IT sector is overworked but not compared to other sectors, according to CMI research

IT sector is overworked but not compared to other sectors, according to CMI research

The IT sector works long hours for no extra money, finds report

The IT sector is regularly working above its contracted hours, according to new data released by the Chartered Management Institute in a report called the Quality of Working Life.

The report has been published to support the TUC’s ‘Work your Proper Hours’ campaign; a fight for employees to join against unpaid overtime.

The research shows 83 per cent of managers in IT regularly work above their contracted hours, although this has fallen from 91 per cent in 2000.

The average overtime they work is one hour and 18 minutes a day, which is equivalent to around 40 days a year.

Most of the sector said the long hours affect their productivity, exercise time and skill development. The research also showed the majority of managers only take three and a half days absent a year, indicating most of the sector is reluctant to take time off when ill.

However in comparison to the other 12 sectors surveyed, the IT sector fared quite well. The sector came in 11th place in the category for the percentage of managers who work above the set contracted hours.

Yet only 28 per cent of the 170 IT managers who took part in the research said they were working the excessive hours by choice, a figure that is slow in comparison to the other sectors.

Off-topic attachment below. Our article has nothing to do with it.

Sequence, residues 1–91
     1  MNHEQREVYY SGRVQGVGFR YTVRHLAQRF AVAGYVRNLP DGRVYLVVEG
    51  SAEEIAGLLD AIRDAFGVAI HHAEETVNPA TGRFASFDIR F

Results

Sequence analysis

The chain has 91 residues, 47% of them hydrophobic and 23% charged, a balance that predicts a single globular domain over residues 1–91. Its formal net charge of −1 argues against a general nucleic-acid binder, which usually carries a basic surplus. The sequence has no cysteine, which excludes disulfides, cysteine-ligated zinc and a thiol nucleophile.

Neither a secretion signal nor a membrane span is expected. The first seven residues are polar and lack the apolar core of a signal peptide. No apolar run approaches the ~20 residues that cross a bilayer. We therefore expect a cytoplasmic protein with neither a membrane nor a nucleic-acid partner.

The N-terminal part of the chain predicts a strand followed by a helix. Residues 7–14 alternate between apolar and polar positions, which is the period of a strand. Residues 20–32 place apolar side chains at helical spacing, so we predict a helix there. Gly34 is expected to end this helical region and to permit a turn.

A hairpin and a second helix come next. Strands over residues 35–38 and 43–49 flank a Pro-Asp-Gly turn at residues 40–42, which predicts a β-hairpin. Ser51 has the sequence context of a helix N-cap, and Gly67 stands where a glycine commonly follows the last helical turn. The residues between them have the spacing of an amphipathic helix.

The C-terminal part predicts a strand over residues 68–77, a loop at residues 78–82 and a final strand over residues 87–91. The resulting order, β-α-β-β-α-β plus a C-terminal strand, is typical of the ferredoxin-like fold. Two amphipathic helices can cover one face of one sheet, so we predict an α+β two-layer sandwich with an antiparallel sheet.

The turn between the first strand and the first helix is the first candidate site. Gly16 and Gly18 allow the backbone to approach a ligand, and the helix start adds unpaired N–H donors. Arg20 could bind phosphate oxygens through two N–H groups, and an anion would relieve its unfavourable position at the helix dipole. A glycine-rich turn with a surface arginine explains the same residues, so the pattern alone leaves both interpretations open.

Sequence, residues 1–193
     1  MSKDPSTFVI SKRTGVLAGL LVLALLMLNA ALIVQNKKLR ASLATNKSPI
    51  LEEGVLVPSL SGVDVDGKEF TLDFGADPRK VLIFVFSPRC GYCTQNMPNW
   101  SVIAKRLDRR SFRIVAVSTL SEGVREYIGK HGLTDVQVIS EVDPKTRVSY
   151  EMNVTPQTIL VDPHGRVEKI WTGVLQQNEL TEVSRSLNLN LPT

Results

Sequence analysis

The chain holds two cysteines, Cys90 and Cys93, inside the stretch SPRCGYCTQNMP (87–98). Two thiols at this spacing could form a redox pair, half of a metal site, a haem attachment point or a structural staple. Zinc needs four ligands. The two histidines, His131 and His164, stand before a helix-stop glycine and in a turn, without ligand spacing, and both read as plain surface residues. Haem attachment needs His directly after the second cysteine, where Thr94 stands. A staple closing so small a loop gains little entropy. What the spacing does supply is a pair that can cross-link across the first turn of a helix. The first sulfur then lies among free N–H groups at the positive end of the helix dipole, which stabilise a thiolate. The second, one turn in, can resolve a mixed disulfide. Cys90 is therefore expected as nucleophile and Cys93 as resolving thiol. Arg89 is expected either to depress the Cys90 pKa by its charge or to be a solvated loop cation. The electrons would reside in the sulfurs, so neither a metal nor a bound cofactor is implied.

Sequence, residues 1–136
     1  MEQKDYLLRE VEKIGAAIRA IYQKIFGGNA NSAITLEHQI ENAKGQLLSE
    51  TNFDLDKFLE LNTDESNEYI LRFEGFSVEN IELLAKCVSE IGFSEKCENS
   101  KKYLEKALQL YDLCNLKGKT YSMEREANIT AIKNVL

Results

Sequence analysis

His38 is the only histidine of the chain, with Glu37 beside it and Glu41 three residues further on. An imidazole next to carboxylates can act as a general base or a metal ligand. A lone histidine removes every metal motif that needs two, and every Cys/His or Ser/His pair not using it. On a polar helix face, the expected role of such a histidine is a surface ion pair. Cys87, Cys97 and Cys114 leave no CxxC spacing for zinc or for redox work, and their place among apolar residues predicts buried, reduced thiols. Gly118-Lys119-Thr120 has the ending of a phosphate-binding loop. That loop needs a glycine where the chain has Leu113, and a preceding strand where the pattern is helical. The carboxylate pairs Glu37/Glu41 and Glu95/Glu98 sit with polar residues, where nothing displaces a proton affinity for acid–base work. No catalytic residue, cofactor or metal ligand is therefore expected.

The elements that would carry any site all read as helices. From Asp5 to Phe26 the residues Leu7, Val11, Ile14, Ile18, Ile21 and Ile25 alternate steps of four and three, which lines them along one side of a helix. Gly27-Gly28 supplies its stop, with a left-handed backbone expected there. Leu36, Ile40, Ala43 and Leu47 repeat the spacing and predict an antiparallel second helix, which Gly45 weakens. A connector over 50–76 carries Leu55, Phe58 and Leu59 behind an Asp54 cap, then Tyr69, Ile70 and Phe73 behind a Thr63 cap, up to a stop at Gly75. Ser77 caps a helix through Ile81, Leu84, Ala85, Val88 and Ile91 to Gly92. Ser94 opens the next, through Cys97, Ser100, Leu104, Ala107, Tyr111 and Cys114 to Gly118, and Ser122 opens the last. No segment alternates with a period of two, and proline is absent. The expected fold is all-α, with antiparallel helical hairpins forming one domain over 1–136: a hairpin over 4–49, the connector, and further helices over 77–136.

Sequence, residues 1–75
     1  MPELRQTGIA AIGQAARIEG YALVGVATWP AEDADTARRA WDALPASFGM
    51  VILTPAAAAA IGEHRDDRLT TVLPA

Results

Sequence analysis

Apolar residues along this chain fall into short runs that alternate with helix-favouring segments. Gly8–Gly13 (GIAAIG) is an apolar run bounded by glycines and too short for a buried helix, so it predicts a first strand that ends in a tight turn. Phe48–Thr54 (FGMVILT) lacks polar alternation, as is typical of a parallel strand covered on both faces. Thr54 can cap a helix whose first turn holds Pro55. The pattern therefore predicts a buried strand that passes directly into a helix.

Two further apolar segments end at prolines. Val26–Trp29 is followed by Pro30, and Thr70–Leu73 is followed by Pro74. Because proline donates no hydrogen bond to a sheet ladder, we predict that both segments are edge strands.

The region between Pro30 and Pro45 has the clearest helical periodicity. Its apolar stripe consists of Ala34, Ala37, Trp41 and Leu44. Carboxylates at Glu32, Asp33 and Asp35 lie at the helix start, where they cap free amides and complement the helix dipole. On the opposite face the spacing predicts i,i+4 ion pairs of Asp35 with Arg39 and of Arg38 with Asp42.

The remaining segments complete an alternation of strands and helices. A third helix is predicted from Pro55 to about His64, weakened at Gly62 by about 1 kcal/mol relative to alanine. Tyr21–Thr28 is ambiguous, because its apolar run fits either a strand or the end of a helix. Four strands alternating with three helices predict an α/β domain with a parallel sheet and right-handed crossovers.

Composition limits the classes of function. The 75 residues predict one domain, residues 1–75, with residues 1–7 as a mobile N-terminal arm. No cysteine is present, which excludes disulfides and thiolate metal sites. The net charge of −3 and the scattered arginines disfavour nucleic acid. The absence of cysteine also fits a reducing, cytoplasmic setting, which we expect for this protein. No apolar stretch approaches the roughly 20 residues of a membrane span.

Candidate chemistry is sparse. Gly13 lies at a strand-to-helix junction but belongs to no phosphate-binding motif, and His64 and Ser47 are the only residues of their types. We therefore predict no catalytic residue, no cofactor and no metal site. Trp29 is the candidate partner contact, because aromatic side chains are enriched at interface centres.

“The figures indicate there is compulsion to work longer hours particularly in the IT sector and this lack of autonomy the managers have explains why they face less motivation and morale than most of the other sectors,” said Petra Wilton, head of public affairs at the Chartered Management Institute.

The sector also came third highest in the limited amount of time managers feel they have to exercise category. While 66 per cent of IT managers believe work stops them exercising; only 58 per cent of insurance managers think so. Insurance managers work the highest amount of overtime as a sector, according to the research.

The TUC Work Your Proper Hours Day is scheduled for Friday 22nd February.
The dedicated web site advises workers to live by their contracts for the day: “If you normally just cram a sandwich at your desk, and only leave work long after the sun’s gone down, take just one day to make a stand and see what a difference it can make. Plan to take a proper lunch break- why not treat yourself to a nice lunch?”